In 1986, Molly Ringwald was on top of the world. Aside from starring roles in John Hughes’ “Sixteen Candles” and “The Breakfast Club” and a Golden Globes nod for her role in “The Tempest,” the 18-year-old had a cool boyfriend (Dweezil Zappa, son of rock star Frank) and a fashion sense that was the envy of — and inspiration for — every girl in America. Yet for all the accolades, Ringwald revealed herself to be a charming, grounded, near-stereotypical teen in an interview with WWD.
First of all, she found her status as Hollywood’s princess of pubescence “annoying,” explaining, “I suppose it’s a real honor and all that, you know. But being a teen queen is not how I see myself. Like, some people see me as this normal kid who just sort of got into all this, you know? Like, I have really strong feelings about war. It’s something that really upsets me and I try not to think about it very much but then I read this article about me and it says, ‘Oh, Molly thinks war is really immature.’ I mean — come on.”
Regarding her new film, “Pretty in Pink” (her third with Hughes), Ringwald said, “I think the message is whatever anyone wants it to be. If you want to find a message about the caste system that exists in high school, or independence, or individualism, that’s all there. But I don’t think the film was made to give anybody a particular message. Paramount [the studio that released “Pretty in Pink”] would probably disagree with me because they’re really pushing the individualism thing.” She continued, “I hear they’re sending out kits to various high schools with surveys about what individualism means. I mean, that’s like saying, ‘Everybody go see this movie.’ Nobody wants to go see a movie if they feel like it’s homework. That would really turn me off.”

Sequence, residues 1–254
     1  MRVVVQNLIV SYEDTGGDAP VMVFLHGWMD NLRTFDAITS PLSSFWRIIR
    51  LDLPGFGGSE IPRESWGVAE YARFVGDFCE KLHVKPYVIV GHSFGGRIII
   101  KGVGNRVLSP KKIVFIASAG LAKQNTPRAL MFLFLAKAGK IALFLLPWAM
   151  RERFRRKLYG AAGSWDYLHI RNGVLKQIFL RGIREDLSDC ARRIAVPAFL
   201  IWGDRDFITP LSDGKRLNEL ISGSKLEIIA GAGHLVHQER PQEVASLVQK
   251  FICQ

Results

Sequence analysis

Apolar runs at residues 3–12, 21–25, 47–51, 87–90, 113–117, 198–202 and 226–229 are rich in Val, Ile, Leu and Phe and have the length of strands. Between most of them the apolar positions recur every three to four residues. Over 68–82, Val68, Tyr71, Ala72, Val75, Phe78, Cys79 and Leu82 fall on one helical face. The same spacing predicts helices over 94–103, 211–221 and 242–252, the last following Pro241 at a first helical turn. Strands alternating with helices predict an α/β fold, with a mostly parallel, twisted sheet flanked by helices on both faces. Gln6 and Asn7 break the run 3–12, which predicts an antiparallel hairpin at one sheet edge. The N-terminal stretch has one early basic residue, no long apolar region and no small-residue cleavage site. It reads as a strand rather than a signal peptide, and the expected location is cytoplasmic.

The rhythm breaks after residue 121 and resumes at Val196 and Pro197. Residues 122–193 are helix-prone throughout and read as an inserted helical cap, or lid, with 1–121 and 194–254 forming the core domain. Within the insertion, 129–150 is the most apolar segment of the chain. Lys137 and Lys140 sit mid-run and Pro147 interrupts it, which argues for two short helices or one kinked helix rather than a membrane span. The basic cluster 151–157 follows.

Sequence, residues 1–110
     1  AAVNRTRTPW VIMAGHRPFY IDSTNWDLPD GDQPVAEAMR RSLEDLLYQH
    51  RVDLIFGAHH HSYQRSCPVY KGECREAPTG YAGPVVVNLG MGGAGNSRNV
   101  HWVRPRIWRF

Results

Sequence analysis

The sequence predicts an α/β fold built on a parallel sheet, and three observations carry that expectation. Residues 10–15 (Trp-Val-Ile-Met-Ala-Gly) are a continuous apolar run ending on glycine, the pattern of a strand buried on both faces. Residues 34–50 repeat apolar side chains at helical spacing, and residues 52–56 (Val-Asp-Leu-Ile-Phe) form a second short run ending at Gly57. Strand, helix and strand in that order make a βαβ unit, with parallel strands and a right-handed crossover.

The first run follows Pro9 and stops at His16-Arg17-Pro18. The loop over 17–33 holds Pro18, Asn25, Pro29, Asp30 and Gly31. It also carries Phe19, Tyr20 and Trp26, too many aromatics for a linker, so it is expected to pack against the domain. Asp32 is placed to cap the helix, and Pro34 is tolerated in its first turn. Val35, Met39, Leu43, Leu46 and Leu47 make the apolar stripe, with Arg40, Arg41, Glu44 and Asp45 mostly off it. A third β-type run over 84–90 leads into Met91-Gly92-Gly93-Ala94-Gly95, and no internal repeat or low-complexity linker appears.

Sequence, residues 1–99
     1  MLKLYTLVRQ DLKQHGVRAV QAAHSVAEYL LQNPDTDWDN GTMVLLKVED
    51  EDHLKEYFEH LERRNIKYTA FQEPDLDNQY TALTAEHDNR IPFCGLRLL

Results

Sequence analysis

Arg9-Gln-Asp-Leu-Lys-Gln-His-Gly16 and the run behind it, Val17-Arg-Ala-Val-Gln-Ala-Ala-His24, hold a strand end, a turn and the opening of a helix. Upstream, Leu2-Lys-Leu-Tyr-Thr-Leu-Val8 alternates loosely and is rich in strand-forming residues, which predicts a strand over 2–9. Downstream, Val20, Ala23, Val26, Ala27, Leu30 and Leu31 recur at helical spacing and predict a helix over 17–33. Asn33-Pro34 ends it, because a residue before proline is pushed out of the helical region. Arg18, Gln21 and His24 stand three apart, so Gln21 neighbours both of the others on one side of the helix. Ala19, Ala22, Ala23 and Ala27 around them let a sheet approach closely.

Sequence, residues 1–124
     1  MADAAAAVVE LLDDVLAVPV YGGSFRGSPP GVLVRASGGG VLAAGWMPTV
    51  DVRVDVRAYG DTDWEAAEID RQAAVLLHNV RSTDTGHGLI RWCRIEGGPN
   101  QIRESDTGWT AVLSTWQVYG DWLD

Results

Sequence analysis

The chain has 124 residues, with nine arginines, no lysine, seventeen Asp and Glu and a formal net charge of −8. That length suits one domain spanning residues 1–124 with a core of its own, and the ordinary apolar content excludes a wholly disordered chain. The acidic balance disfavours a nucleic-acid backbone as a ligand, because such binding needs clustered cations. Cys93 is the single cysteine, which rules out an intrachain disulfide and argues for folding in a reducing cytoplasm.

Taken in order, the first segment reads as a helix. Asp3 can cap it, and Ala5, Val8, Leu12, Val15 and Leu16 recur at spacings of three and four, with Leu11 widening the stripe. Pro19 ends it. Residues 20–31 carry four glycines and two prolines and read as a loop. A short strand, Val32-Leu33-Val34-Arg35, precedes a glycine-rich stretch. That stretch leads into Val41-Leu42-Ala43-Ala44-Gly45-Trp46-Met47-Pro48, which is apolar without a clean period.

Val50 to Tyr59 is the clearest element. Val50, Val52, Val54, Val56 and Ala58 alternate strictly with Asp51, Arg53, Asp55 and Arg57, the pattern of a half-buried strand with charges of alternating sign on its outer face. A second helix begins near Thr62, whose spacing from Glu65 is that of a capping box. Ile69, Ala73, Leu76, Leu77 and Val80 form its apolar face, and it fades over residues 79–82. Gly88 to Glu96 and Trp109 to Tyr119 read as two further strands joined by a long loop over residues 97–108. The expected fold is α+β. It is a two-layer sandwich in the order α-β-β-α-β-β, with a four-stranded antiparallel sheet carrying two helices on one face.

Yet when the conversation turned to fashion, Ringwald, who listed Edie Sedgwick, Marilyn Monroe, Diane Keaton, Dianne Wiest and Brigitte Bardot as her sartorial influences, pushed the “individualism thing” herself. “Style is very individual,” she said. “You can’t just look in a magazine and say, ‘Oh, wow, that looks great on that person, therefore it will look great on me.’ I think no matter what, you have to feel comfortable. That’s how I always judge something. Even if it’s, like, this great skintight dress, you know, if I don’t feel comfortable in it, it’s not stylish.”